Kundra picks up cybersecurity mantle

The Obama administration’s plans to review government cybersecurity gained a new champion with the appointment of Vivek Kundra as federal chief information officer.

The Office of Management and Budget last week released an annual report on agencies’ implementation of the Federal Information Security Management Act (FISMA) and said OMB will will assess the metrics agencies report to show their compliance with that law. OMB also said it might develop new metrics to improve information security.

Kundra, also serving as OMB administrator for e-government and information technology, picked up the charge immediately. On the day he was appointed, he told reporters that the government needs to shed the mentality that reports and processes are the most important aspects of cybersecurity. Instead, he said, the focus needs to be on the fundamental security of “what I call the engine for the modern economy when it comes to cyber infrastructure.”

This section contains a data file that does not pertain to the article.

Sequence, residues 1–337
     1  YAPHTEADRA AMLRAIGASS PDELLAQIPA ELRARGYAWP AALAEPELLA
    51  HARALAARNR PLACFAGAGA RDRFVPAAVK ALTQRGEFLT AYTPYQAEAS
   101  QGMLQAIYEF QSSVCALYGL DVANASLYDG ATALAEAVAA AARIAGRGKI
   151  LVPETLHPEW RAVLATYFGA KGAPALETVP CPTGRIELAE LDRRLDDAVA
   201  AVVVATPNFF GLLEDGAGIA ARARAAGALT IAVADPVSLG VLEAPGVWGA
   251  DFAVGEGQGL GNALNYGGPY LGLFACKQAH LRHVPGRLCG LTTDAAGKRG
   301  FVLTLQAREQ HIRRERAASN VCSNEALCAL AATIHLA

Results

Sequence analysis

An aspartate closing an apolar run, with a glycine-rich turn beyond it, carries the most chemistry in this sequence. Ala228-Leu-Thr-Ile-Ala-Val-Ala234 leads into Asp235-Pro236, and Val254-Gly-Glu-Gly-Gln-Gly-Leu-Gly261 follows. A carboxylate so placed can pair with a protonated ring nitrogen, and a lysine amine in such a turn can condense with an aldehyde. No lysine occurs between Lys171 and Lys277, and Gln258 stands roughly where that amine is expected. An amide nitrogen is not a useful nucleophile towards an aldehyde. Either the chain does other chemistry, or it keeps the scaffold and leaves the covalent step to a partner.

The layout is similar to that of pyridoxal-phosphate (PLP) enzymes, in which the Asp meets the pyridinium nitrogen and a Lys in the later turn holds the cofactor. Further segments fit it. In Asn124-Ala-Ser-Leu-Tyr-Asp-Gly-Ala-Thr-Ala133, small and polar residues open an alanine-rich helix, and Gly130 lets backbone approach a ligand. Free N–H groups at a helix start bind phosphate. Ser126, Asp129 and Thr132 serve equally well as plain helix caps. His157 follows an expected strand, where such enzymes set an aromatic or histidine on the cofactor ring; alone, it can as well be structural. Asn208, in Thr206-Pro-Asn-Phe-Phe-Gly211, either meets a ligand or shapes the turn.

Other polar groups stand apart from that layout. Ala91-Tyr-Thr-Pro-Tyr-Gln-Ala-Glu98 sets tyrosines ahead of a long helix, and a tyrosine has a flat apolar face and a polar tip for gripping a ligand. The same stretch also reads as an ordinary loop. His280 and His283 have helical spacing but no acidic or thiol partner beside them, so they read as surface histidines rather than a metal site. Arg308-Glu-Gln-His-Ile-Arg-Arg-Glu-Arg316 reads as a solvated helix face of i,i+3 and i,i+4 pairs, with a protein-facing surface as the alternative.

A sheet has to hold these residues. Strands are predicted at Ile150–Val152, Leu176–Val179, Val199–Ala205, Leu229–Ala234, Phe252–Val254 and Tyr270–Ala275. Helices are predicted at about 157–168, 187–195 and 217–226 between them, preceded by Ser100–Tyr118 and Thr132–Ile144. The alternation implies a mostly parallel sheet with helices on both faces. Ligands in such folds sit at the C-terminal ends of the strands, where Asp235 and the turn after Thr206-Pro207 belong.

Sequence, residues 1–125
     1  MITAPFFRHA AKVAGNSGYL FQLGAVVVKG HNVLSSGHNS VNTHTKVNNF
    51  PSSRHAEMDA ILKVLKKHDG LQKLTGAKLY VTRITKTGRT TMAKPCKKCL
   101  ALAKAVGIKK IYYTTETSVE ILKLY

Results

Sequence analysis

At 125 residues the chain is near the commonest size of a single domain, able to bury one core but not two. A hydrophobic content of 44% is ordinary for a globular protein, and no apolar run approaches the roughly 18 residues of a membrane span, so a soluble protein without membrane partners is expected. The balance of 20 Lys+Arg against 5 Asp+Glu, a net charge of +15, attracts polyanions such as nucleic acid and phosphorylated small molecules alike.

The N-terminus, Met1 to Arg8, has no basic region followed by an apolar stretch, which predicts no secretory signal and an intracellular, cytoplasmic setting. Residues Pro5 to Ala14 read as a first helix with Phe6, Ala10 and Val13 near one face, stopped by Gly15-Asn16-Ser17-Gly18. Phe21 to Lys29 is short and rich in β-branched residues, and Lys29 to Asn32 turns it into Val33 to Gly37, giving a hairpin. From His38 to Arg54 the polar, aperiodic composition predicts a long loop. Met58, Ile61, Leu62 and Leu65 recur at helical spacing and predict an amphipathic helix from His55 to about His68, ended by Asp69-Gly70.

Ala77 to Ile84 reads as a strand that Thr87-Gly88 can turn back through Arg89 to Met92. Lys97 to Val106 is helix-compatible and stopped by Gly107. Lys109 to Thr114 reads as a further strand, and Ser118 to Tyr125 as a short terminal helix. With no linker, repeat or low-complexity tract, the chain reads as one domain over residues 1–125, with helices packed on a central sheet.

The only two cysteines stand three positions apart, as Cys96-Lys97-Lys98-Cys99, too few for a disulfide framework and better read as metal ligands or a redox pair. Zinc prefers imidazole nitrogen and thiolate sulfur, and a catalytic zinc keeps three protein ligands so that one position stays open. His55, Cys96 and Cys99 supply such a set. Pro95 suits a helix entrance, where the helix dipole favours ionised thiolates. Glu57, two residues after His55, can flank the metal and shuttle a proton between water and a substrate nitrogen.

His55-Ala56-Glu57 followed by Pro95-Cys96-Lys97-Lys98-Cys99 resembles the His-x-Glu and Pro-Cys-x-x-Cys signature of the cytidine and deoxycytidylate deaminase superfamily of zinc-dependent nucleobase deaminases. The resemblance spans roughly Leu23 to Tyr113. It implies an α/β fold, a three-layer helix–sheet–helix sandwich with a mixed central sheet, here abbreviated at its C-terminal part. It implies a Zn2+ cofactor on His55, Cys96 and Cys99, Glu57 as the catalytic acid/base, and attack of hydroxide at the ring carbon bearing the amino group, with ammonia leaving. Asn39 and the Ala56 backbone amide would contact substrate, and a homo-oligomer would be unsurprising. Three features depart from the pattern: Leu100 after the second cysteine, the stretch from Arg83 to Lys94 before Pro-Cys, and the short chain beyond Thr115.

FISMA's critics have argued that agencies' compliance with the law can too easily become a matter of filling out the paperwork to document rote compliance rather than implementing effective security measures.

The government needs to think through cybersecurity in a broader context, Kundra said. The administration needs to consider how the government self-organizes, especially given that much of the government's processes and data flows through private infrastructure as well as the government.

It is important, he said, “that we look at these reports and think of them beyond just the federal government.”

About the Author

Ben Bain is a reporter for Federal Computer Week.

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